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Question DetailsAsked on 3/7/2014

How to tell if there's vermiculite insulation in the attic?

Is it such a bad thing after all? What if it needs to be moved to do other work up there?

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4 Answers


You visually inspect the attic floor/between the wood joists that hold up the ceiling below. There are plenty of pictures of what it looks like if you do a Gooogle search- looks like tiny quartz rocks. Do some homework....

The problem and potential health issue is that Vermiculite may contain asbestos. It is assumed the vermiculite contains asbestos and if disturbed can release asbestos fibers in the air which you cannot see. You cannot move it/touch it unlesss you know what you are doing and are wearing protective clothing and special mask.. The only way to be certain is to have a sample lab tested.

Disturbing/moving vermiculite can cause fibers to get into the living area-once it is in your some reading on asbestos realated lung issues and death....

Removal and disposal can only be done by EPA licensed remediation professionals.

Answered 6 years ago by hosey


Here is a google search phrase that will take you to articles on the subject of asbestos in vermiculite insulation - vermiculite insulation risks

Generally, in the US, vermiculite manufctured before about 1990 MAY have asbestos in it -may not, and the asbestos it has may or may not be the hazardous type - and the simple box store kits do NOT distinguish between the hazardous short and fine fiber asbestos varieties and the non-hazardous larger diameter and long-fiber minerals - that takes a detailed microscope inspection by a certified asbestos lab.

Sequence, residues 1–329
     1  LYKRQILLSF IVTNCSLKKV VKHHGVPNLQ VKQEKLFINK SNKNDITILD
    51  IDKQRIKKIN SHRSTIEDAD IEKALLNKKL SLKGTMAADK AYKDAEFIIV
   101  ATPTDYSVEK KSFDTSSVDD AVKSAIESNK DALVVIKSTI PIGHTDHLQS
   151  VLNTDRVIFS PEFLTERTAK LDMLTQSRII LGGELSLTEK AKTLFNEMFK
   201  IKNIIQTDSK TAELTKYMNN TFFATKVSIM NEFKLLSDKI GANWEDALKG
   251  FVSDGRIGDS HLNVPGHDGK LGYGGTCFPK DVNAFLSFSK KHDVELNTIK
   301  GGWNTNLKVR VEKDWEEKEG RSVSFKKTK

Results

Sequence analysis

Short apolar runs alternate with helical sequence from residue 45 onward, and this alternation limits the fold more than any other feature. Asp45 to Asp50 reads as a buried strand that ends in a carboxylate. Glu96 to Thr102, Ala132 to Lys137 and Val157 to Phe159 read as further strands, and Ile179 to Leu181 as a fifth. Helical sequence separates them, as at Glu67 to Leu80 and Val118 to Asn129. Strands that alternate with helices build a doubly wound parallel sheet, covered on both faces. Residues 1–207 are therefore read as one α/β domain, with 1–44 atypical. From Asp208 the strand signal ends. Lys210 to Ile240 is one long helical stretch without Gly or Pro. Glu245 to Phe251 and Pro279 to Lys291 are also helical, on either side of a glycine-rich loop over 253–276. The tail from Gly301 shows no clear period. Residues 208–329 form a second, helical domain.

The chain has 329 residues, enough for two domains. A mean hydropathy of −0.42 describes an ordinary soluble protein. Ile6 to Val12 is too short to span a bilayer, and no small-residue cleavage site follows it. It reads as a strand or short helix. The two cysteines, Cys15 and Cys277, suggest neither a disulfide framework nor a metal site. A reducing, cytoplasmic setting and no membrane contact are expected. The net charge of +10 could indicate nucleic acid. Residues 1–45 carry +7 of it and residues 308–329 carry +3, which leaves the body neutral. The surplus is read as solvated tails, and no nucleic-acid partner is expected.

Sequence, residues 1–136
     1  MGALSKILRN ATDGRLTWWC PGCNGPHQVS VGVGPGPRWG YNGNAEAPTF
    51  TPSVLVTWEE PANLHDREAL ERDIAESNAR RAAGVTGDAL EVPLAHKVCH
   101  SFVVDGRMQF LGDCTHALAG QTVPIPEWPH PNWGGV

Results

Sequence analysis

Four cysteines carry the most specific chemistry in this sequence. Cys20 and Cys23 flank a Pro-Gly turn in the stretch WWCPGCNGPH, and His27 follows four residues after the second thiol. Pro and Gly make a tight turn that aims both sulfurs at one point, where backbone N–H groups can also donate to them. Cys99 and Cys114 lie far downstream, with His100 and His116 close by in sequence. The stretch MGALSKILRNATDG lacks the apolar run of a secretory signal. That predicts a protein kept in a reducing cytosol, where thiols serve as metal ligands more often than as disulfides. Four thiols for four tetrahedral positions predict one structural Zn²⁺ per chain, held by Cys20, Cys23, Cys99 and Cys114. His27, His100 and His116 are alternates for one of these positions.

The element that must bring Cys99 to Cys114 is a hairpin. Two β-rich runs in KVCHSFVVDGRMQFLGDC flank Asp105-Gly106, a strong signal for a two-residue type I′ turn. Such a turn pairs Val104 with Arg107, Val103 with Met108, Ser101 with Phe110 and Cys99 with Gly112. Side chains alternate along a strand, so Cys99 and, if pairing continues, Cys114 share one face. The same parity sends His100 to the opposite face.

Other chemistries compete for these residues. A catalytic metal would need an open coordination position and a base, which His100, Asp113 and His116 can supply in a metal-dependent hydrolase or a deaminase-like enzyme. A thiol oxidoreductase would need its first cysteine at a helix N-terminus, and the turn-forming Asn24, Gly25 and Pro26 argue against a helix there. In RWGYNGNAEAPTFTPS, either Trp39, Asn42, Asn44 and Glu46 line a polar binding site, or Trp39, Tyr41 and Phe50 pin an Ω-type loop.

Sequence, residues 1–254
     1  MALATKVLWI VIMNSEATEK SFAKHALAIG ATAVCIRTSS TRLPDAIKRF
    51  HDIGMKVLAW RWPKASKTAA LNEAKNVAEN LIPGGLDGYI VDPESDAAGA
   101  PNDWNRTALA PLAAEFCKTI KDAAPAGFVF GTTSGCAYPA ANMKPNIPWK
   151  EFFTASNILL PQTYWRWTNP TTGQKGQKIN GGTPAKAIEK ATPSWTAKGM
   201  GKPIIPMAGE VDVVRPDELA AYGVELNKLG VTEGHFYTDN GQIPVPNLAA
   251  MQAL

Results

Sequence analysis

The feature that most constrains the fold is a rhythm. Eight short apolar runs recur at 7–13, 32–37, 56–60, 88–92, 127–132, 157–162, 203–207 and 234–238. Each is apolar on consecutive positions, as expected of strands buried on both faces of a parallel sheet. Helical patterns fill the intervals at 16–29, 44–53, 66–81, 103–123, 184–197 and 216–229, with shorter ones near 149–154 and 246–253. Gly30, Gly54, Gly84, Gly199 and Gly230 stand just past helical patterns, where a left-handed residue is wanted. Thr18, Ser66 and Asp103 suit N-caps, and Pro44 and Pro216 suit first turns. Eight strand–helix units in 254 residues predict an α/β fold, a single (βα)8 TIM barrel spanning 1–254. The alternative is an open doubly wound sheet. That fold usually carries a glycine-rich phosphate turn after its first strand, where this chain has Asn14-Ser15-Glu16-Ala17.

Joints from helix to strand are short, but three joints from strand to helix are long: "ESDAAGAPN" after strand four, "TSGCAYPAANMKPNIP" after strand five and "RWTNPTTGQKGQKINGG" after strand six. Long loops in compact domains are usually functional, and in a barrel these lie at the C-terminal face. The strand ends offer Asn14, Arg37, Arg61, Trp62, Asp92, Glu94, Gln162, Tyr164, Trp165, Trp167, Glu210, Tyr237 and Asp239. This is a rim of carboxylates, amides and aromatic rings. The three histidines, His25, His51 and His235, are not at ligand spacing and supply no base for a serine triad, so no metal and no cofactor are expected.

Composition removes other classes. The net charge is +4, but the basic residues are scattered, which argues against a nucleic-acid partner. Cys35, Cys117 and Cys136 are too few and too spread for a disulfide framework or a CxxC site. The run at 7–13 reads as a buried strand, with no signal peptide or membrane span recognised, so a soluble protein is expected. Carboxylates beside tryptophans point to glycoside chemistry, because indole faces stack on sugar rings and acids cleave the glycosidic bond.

IF you have the dangerous form of asbestos in your vermiculite insulation, then that can affect the cost of other maintenance work, particularly because a vast majority of electricians and plumbers are not certified for work in asbestos continaing materials, so it can affect having other work done up there.

The presence of asbestos in an attic (assuming you are talking unoccupied, unused) is not in and of itself a significant hazard to residents of the house, as long as it is not disturbed or tracked into the house, and as long as there is no air drawn from the attic for ventilation or such. Despite the hype by the EPA and environmentalists, the reports the EPA has issued have never drawn any link between household asbestos in unoccupied attics and any health hazards in the living space - it is only if you start disutrbing the insulation and tracking it into the house that there is any chance of risk, and even that is minimal because it takes long-term exposure to result in lung damage.

If you need to get work done up there and you find from testing that there is regulated asbestos containing materials (ACM), then your best bet is probably either an asbestos remediation company (if significant work needs to be done) to remove it, or having an asbestos remediation contractor work with the plumber or electrician or roofer on making it safe for their work in a limited area.